Note: This article appears on the ETFtrends.com Strategist Channel
By Bill O’Grady & Kaisa Stucke, CFA
Since the recovery began, we have consistently favored duration in fixed income. Our position has been that growth would remain sluggish in the developed world and global overcapacity would keep inflation contained. The consensus of strategists and economists didn’t support our position.
This chart shows the path of the 10-year T-note yield along with the forecast at the beginning of each year from the Philadelphia FRB Professional Forecasters Survey. The open boxes indicate when the forecasts were incorrect; the solid circles indicate correct forecasts. We are on the 17th forecast; so far, 10 have been wrong and, barring a strong jump in yields similar to 2012, the forecasters will be incorrect this year as well.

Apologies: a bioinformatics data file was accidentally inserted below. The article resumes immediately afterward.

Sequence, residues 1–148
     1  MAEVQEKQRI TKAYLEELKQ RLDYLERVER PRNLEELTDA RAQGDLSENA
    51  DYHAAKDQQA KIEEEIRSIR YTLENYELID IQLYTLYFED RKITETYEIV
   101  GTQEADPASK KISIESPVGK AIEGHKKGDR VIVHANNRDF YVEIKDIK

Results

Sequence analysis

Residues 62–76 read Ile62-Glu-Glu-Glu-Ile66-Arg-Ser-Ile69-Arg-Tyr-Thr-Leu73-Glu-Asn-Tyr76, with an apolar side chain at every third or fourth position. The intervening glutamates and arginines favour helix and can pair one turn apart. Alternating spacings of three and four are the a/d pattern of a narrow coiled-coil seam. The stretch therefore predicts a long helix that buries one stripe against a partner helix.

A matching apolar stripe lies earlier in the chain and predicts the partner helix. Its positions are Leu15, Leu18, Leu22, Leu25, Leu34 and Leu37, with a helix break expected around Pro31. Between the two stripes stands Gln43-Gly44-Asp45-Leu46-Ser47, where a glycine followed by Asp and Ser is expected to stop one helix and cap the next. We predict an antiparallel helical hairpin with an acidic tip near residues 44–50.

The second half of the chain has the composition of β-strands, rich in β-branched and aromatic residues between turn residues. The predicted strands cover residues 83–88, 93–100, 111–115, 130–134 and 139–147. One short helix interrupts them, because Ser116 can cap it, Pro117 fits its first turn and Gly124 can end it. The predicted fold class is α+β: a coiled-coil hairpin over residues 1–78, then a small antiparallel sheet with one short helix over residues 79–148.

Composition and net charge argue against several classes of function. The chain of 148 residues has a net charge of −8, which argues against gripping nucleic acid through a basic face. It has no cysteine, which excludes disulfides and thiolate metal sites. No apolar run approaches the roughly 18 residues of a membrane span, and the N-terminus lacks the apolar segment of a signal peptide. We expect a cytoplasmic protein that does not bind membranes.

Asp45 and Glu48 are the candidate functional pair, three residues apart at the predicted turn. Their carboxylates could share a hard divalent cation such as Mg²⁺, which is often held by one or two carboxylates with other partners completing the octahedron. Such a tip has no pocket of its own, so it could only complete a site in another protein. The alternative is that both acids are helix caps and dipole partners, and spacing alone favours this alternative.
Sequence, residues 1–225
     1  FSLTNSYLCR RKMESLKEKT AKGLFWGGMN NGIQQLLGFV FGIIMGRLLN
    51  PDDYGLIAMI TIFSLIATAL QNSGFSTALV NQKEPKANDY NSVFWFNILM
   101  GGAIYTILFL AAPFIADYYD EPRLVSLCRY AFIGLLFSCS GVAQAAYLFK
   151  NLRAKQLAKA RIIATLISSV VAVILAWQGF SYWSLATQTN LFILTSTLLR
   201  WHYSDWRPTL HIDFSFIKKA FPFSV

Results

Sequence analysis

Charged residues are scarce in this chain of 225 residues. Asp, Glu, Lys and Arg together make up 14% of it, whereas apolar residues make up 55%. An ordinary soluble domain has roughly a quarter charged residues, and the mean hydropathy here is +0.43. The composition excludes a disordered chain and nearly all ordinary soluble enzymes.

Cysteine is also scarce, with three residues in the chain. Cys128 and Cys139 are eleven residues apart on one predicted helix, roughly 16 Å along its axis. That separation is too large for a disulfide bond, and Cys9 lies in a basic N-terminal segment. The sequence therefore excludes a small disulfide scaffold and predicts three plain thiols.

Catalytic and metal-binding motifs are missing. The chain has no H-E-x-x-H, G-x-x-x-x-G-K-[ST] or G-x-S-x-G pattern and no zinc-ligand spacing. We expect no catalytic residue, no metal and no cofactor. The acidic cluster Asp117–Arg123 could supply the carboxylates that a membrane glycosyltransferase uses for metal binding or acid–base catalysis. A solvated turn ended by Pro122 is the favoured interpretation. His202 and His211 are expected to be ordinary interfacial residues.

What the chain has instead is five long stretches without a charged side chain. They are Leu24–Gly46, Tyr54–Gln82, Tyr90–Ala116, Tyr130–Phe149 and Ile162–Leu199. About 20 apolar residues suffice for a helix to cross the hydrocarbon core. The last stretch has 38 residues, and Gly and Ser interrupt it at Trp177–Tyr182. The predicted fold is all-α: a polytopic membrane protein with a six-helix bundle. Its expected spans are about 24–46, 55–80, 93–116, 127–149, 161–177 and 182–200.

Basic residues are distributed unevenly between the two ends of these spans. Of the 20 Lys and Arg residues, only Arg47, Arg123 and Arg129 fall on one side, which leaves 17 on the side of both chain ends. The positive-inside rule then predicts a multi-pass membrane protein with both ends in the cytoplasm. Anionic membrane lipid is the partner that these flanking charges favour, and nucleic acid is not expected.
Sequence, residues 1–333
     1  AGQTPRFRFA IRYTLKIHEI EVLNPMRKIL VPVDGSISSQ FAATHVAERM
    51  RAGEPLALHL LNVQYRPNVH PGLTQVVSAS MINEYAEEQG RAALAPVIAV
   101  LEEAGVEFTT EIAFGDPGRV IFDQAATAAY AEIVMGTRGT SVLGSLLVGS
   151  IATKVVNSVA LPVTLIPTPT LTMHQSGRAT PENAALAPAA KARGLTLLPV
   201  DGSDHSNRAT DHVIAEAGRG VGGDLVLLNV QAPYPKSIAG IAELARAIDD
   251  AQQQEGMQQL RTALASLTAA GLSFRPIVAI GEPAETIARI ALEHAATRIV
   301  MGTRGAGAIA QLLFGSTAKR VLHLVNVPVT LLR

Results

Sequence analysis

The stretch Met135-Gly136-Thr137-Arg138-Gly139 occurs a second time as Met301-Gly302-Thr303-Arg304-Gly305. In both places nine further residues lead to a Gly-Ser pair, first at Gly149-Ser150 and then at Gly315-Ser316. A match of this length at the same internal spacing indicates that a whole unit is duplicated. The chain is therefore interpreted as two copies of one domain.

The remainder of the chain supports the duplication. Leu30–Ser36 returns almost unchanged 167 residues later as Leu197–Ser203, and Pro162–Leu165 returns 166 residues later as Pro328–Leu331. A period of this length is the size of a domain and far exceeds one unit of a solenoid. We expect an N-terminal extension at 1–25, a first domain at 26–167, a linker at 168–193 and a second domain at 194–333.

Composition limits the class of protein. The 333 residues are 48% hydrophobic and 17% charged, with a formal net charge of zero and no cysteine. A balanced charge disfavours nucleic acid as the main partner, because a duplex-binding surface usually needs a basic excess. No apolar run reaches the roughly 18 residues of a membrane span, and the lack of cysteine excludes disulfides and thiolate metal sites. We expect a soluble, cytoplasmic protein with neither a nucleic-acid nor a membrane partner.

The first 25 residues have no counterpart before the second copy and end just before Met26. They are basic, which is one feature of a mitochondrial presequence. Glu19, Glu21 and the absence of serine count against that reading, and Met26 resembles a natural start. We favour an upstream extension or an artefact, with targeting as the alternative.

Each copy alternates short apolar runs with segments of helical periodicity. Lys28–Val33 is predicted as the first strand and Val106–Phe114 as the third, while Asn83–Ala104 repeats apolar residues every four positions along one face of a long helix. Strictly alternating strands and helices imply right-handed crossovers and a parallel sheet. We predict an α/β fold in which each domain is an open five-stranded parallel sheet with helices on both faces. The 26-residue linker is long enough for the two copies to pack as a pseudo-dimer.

In general, the persistently incorrect forecasts are likely due to the consensus opinion that the economy, inflation and markets will normalize over some time frame. Instead, since the turn of the century, inflation has steadily declined and, in the aftermath of the financial crisis, economic growth has been persistently low. Accordingly, financial markets and global economies have been operating in a “new normal” rather than a return to the 1990s normal.
Although our position on fixed income has been correct, we are watchful for conditions that would reverse this long-term downtrend in yields. Inflation trends often have a political element. One of the key tradeoffs society makes is between equality and efficiency.